New athletic director implements mandatory study hall

Kezia Cook, Staff Reporter

Student-athletes have a full time job of maintaining academically acceptable grades while fulfilling their duties on the court or field. With the pressure of meeting the standards in both areas, Cleveland is now requiring sports teams to have mandatory study halls. This new policy was initiated by administrators and the new athletic director, Chris Bryant.

“With how much school student-athletes are missing, we decided it would be good to make sure we are accommodating for that in other ways, to make sure they are staying up-to-date because we like to prioritize academics over athletics,” said Bryant.

He explains that student athletes are required to be in study hall for at least two hours a week on a schedule set at their coach’s discretion, but with no exceptions. Students must have a minimum grade point average of 2.0 and passing seven out of their eight classes. If the student is only taking seven classes, they must be passing them all. Bryant said the study hall is helping, having seen a significant improvement in grades.

“We did have numerous teams that were able to get either a 3.5 or 3.75 as a team, so we’re very proud of that,” Bryant said.

Although mandatory study hall is meant to benefit all athletes, some teams don’t always need the extra study time.

Ryan Kastl, who coaches golf and boys swim, said the addition of study hall has not affected his golf team, but called the new policy “an excellent idea.”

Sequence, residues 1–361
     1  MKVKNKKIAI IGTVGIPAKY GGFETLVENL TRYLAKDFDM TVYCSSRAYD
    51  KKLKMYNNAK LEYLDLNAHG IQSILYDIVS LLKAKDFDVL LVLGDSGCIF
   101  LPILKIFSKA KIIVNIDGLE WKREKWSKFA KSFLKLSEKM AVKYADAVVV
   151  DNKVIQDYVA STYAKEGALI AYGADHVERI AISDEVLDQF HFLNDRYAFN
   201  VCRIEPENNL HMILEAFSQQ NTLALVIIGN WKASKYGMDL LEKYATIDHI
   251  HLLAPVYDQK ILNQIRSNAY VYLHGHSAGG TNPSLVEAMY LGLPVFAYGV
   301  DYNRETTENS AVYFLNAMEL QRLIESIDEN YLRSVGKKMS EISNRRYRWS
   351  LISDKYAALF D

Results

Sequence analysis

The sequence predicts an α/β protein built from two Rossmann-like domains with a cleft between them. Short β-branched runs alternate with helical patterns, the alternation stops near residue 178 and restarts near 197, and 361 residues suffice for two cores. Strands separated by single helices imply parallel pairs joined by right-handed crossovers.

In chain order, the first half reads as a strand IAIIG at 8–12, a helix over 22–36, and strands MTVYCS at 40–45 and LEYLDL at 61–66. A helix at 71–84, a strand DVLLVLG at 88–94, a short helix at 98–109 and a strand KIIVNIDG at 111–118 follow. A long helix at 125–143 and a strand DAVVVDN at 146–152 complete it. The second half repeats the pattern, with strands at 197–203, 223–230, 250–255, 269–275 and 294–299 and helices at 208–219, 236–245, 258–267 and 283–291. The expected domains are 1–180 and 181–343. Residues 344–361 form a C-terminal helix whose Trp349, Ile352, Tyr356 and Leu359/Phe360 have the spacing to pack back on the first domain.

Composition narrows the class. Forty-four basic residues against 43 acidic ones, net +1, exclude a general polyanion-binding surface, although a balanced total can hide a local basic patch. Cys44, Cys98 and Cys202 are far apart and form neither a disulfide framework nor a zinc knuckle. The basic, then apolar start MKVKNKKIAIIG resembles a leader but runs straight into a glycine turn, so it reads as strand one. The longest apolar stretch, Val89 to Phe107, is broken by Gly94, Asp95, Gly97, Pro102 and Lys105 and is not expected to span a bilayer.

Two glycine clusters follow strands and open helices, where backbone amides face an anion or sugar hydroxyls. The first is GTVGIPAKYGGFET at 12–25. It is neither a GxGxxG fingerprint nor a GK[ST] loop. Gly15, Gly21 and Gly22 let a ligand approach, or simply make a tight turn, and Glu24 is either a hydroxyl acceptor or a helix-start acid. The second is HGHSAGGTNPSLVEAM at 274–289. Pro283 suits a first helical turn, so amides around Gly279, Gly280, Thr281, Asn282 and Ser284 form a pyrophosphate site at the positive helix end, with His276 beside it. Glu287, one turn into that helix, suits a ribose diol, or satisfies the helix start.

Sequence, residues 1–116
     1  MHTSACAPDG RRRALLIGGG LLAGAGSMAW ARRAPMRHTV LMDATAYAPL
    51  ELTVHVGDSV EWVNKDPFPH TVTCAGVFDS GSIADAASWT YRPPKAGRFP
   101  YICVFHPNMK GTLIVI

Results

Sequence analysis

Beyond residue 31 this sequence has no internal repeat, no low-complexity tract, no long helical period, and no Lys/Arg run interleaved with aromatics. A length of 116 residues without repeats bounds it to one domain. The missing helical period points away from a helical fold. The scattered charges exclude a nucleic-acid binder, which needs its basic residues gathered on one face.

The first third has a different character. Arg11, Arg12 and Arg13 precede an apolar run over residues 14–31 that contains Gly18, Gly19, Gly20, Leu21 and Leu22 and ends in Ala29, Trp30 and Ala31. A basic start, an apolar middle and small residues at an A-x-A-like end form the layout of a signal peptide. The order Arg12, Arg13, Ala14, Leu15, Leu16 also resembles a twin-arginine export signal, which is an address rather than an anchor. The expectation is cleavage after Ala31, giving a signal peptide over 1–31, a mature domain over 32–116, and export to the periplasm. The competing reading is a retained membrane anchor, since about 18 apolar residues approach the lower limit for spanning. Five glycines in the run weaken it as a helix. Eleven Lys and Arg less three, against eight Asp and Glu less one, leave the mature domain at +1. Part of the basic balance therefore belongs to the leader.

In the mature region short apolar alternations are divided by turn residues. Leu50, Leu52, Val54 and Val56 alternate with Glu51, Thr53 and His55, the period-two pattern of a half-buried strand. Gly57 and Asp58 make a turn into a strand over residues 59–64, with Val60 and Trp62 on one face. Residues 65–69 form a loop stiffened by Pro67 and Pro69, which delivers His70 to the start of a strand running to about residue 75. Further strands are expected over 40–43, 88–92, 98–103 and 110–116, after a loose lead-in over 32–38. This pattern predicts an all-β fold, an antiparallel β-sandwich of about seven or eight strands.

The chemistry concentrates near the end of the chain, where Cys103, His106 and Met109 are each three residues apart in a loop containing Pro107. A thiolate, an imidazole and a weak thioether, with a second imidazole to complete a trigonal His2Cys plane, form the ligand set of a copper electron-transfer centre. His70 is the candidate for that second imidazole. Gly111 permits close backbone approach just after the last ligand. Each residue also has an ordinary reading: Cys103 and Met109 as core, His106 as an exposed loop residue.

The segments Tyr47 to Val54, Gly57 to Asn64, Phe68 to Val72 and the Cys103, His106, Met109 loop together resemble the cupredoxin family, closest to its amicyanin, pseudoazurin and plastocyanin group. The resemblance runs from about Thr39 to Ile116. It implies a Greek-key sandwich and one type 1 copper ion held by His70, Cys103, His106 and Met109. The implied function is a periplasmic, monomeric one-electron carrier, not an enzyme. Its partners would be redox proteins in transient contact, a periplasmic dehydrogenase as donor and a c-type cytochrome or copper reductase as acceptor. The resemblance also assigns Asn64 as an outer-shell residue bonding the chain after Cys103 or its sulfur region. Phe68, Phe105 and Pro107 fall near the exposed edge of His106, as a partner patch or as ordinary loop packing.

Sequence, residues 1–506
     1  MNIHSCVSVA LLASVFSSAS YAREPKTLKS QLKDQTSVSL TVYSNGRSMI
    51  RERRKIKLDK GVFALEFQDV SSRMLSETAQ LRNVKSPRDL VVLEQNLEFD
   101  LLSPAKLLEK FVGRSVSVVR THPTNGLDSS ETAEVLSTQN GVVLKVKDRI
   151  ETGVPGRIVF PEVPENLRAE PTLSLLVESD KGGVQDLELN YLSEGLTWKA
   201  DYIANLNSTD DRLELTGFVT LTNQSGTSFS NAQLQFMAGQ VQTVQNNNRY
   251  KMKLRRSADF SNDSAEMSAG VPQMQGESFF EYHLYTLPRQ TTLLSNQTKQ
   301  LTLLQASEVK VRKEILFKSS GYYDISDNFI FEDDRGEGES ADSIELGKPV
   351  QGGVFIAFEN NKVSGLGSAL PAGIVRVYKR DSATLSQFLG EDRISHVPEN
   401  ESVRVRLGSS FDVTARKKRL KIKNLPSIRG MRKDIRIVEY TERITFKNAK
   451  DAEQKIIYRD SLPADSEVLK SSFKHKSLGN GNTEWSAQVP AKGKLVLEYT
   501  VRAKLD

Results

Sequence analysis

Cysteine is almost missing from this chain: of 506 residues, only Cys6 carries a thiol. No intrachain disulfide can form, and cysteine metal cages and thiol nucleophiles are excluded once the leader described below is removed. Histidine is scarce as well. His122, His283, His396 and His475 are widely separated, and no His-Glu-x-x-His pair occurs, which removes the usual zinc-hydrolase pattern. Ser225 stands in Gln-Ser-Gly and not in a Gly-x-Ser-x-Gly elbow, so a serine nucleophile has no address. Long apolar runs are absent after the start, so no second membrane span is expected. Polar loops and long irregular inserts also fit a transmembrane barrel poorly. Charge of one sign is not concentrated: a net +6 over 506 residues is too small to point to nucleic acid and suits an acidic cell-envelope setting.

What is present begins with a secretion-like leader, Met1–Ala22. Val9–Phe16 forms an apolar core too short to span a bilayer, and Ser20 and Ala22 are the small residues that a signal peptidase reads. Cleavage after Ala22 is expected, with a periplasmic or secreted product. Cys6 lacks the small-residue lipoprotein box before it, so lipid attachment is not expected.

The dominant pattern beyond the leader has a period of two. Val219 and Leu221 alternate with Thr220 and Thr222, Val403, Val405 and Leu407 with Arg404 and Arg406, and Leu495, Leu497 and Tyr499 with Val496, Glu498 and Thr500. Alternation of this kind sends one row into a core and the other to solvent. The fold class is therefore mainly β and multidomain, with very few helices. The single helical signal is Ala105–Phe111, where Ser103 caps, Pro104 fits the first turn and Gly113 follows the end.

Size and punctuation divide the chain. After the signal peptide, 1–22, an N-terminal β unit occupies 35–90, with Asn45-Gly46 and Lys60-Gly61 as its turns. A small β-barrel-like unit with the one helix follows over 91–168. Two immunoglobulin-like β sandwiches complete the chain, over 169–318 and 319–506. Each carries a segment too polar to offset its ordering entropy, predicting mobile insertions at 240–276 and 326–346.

He also noted that when their designated study hall time approaches, the number of athletes who don’t show up is noticeable. He scheduled the golf team’s study hall time during advisory time.

“[Golf] won two state academic championships, so I didn’t see a lot of need for the golf team to have it because they have been successful before,” he said.

Kastl said attendance in his study hall is about 50 percent, but he’s not worried.

“I do not punish them because most of them are at a 4.0 or very close to a 4.0,” he said.

As his teams grow, Kastl is sure he will have athletes who will require a more structured study time.

The football team has taken a more serious approach. Junior Thaddeus Driscoll, who plays left tackle, has found the study halls to be useful and effective.

“It gives us more time to do homework and catch up with school work that we don’t necessarily get after practice because we’re tired and it ends later now,” said Driscoll.

With the addition of getting more time to complete school work Driscoll appreciates the extra help and guidance study hall provides.

“There [are] so many people there, and we can help each other out,” he said.

Student athletes have a common ground when it comes to the balance of grades and practice, but every student has a different academic career. Girls swim team member KyLe’cia Bryant finds that the enforced study halls have had no effects on her grades. Her team decided to do study hall on their own time.

“If we’re in the same subject and we need help with homework, I am going to ask them questions on what the homework was or if they could help me with the problem,” said Bryant.

Study hall, no matter how it’s executed, is meant to support and benefit student athletes when it comes to academic goals and grades. It gives student-athletes the chance to help and support people who are sharing the same struggle.

“A lot of our teams and student-athletes have grade struggles,” Kastl said. “I think it is a positive step to make academics the focus and not athletics.”